AP NEWS

Retail news grabs headlines

January 12, 2019

There was an interesting juxtaposition of news this week in the pages of the Daily Journal.

On Tuesday, there was the breaking news of the end of retail giant Sears. While the news changed throughout the course of the day and more time was given by the bankruptcy court to investors trying to purchase the company, there is no mistaking the once-mighty retailer is seemingly near the end.

It would hope there is no rejoicing over Sears’ demise, but I know better. There is a certain segment of society which revels in the misfortune of others.

On the flip side of what could be called “A Tale of Two Retailers,” there was the news which came out of the Bradley Planning & Zoning Commission the very next day. While there had been some unconfirmed reports, this news was the first official announcement Menards would be expanding its operation in Bradley.

One longtime retailer seemingly at the end of its life, and another retailer looking to grow.

Of course, this dynamic is at play each and every day in our society. Seemingly, someone’s misfortune presents an opportunity for another.

There is no question — and Sears officials likely would admit it now — that many missteps were taken that led the retail king to be almost an afterthought in the minds of the shopping public.

But that doesn’t make this situation any less sad.

However, all is not lost for brick-and-mortar stores. Consumers still are willing and eager to shop at them.

According to a recent Yahoo.com story regarding the pros and cons of online retail versus brick-and-mortar stores, 61 percent of consumers shop in-store, versus 31 who turn to the internet.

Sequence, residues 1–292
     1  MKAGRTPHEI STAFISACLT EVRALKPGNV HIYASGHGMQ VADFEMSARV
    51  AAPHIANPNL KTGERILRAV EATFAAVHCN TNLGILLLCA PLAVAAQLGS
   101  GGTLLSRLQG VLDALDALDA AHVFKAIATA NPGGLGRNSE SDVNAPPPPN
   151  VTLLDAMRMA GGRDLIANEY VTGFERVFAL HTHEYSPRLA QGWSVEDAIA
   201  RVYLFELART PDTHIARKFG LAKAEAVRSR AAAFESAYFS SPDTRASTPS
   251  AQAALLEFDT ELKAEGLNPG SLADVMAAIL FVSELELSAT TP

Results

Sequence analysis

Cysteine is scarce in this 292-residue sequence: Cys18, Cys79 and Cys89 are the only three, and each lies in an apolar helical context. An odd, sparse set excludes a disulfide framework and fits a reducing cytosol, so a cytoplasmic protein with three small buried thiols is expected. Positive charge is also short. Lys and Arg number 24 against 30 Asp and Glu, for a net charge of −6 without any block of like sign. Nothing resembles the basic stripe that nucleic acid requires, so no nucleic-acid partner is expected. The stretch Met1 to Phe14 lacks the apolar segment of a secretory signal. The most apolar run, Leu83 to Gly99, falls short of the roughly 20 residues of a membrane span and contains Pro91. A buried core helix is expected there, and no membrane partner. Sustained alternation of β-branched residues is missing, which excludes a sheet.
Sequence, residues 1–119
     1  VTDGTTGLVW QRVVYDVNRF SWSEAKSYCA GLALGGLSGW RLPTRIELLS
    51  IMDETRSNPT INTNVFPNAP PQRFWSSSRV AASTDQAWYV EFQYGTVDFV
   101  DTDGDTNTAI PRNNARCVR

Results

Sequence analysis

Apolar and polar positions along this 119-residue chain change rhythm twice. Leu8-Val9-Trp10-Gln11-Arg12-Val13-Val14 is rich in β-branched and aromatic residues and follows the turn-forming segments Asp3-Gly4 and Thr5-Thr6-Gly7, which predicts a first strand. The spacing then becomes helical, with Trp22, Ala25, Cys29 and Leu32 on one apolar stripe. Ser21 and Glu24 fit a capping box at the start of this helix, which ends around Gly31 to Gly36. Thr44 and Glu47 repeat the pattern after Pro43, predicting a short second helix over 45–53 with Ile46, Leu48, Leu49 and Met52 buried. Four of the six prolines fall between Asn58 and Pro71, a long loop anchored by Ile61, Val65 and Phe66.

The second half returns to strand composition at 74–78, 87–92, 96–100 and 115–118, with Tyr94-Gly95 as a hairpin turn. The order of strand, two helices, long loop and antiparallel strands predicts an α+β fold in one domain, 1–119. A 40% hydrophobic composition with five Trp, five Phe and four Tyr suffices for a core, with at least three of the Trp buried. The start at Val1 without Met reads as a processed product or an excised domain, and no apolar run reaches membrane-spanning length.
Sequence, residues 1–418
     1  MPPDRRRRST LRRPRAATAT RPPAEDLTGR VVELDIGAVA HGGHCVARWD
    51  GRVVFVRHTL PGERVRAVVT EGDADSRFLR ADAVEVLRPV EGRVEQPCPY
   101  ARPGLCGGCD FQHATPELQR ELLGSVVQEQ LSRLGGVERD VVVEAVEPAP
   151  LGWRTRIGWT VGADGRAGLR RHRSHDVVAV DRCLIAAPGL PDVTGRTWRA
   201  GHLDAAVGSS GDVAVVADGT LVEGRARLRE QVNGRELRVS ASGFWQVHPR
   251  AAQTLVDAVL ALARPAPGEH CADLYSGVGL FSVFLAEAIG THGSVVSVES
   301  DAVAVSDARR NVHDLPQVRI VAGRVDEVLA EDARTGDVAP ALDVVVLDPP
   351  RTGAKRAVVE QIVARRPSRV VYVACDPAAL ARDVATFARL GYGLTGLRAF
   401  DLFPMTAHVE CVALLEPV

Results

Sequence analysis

There is no denying, however, the two percentages keep coming closer together.

In addition, a recent Forbes story noted only 28 percent of small businesses are using the internet to sell their products.

So, brick and mortar still is viable. We see it every day in our community. We see it when companies, such as Menards, expands their presence. We see it when stores, such as Meijer, open here and become an instant success.

Brick and mortar still is the backbone of retail. But to remain the backbone, much must be done to maintain that presence.

•••

It is not exactly retail — at least in the classic sense — but the Kankakee County Convention & Visitors Bureau office, 100 Marquette Place, Manteno, has turned a portion of its office into a retail area.

The store, Ka Co — The Local Exchange, is open from 9 a.m. to 4:30 p.m. Monday through Friday.

The retailer gives people a taste of what Kankakee County has to offer, meaning products specific to the region.

Among the items available: Plockman’s Mustard; local attorney and author Dave Baron’s zoning map artwork called UpZoning!; Bill Yohnka’s engraved chalkboard art on a blanket; Happy Monday Coffee Roaster ground coffee; BrickStone Brewery beer glass; and Andy Palmer’s Growler Caddy and jewelry.

Staci Wilken, the organization’s executive director, said the area opened Jan. 2. A formal ribbon-cutting for the “store” is being planned.

“This is certainly not about competing with any of our local businesses. This is about promoting our attractions and building community pride. We want to give people a taste of what is to come when they come visit here,” Wilken said.

Items can be purchased with cash or credit.

“We are not a competitor. We are an encourager,” she said of the store. “We want to promote others. We are thrilled. Tons of people have been in already.”

She said the store is not simply to help local businesses sell their products, but to push tourism through these products.

“We will be very specific about what will be in the store. The products must be in line with our mission and that is to promote attractions in Kankakee County.”

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